M.J. Bassett talks Rogue, Megan Fox

(L-R) Megan Fox and Director M.J. Bassett behind the scenes of the action/thriller film, “ROGUE,” a Lionsgate and Grindstone Entertainment Group, a Lionsgate Company release. Photo courtesy of Lionsgate.

Writer-director M.J. Bassett spoke with Solzy at the Movies about her upcoming film, Rogue, which stars Megan Fox and will be available on Friday.

M.J. Bassett directs Rogue from a script co-written with her daughter, Isabel. The cast includes Megan Fox, Philip Winchester, Jessica Sutton, Calli Taylor, Brandon Auret, Adam Deacon, and Sisanda Henna.

Rogue releases this weekend on Digital/VOD before getting a Blu-ray/DVD release next week. Was a theatrical release in the plans or did the pandemic mess that up?

M.J. Bassett: The pandemic killed us, darling. There was always talk of it because it turned out really well. It looks great on a big screen. But the reality of it is right now, we’re all facing the challenges. A VOD release—for me—gets it to a bigger audience faster. I don’t feel particularly aggrieved by that. It’s always lovely to see your movies in a theater with an audience—a group of people experiencing it, particularly with a film like Rogue. It’s got a couple of nice big jumps in it as well and you want to see everybody reacting. It is what it is in the world we live in. I’m happy to have it out there at all to be honest.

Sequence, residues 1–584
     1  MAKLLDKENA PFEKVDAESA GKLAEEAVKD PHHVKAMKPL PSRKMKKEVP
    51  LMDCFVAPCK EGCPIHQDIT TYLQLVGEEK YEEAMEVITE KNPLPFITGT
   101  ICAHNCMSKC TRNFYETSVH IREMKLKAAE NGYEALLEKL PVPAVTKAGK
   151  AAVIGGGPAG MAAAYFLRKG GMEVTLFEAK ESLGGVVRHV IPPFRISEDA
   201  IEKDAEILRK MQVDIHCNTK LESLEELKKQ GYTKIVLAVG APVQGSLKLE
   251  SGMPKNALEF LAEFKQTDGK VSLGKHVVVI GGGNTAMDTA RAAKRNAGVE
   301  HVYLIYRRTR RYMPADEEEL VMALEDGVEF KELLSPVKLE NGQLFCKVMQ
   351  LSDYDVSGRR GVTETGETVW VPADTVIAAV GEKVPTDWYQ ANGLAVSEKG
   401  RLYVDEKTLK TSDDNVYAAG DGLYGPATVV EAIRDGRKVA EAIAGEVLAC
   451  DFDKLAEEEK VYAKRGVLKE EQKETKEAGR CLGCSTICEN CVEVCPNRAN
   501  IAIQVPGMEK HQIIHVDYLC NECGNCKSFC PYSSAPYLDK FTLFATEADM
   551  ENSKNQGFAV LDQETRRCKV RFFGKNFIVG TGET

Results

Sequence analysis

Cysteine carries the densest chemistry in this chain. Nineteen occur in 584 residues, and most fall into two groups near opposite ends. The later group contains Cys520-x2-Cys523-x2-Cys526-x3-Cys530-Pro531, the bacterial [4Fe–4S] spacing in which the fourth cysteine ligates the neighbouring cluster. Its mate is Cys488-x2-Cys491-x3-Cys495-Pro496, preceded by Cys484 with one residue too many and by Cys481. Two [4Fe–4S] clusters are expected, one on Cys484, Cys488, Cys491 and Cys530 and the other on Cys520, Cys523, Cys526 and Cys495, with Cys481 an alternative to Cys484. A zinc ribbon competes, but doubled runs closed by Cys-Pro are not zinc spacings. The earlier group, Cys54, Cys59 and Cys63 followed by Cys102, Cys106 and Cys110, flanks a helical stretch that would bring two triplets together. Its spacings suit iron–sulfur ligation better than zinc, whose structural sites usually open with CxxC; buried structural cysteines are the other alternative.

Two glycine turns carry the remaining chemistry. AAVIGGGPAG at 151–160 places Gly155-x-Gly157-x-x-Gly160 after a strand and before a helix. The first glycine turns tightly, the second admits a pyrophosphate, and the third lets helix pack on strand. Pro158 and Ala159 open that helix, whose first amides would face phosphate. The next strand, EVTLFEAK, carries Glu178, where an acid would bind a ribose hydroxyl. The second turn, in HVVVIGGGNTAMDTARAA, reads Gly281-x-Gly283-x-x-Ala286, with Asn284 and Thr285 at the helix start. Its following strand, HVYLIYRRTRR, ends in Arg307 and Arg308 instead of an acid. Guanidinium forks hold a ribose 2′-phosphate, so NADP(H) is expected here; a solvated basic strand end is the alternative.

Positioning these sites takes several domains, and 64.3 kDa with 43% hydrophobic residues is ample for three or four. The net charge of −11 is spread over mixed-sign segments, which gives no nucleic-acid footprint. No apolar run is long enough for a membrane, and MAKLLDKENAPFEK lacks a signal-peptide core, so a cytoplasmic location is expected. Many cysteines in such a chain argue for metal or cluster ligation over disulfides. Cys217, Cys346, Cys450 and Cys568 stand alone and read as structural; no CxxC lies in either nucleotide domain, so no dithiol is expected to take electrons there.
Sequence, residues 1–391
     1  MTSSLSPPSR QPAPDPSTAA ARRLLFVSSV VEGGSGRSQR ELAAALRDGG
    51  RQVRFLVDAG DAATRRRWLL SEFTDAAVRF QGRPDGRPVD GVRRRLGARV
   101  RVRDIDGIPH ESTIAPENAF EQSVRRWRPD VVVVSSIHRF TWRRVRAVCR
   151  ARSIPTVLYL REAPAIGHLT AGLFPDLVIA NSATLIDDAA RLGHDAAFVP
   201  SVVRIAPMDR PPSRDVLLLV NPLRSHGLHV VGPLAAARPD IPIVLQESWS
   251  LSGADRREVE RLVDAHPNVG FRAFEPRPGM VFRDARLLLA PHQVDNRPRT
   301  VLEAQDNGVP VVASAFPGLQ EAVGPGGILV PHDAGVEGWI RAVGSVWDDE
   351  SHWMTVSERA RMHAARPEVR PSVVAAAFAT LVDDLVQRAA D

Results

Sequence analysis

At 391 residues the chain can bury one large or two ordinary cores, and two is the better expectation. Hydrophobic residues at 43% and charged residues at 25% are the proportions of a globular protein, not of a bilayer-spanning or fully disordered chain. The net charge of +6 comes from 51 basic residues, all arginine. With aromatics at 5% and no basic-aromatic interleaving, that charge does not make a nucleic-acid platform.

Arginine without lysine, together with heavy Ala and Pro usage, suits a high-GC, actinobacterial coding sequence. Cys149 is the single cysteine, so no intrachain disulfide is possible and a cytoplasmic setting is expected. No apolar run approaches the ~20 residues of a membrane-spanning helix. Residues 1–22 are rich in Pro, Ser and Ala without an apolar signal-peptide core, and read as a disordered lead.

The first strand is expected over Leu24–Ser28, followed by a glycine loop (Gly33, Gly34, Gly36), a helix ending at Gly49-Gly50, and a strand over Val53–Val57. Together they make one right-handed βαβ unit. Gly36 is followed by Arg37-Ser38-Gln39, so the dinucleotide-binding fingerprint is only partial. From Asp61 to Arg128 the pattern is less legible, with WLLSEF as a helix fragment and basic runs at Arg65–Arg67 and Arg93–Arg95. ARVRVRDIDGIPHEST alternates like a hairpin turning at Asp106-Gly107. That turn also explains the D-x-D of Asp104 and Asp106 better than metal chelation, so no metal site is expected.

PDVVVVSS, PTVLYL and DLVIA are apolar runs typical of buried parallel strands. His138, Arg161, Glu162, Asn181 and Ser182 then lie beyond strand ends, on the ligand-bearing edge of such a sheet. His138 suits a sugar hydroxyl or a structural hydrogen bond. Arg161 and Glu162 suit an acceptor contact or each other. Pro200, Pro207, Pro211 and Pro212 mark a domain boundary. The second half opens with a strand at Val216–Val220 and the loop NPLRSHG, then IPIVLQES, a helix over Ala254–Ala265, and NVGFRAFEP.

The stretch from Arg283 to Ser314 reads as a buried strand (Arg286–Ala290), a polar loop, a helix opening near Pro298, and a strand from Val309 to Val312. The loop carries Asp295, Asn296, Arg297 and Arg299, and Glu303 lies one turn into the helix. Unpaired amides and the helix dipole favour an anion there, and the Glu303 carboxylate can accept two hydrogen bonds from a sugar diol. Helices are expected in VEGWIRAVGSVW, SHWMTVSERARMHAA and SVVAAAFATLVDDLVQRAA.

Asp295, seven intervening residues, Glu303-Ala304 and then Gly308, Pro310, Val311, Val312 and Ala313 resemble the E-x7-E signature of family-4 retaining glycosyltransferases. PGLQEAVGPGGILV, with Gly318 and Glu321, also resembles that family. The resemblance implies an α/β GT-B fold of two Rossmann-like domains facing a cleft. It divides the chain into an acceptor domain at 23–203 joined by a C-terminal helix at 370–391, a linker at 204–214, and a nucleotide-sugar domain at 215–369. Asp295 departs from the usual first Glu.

I don’t often see action thrillers that come with an environmental message or at least it feels that way. How tricky was getting the message across without it taking over the film?

M.J. Bassett: It’s really important to me that I didn’t make a movie, which is just a big, depressing message picture. Not that they aren’t super valuable but I’m a genre filmmaker. I wanted to make something which was going to be exciting, scary, character-fallen, funny, and do all of those things that I love in a movie but not just be an empty case if it actually was about something and have proper characters talking about things. It was one of those ones where as I wrote and I wrote this with my daughter. As we wrote it, we little by little sort of said, Okay, that’s hitting a bit hard or this is a good place to have this conversation.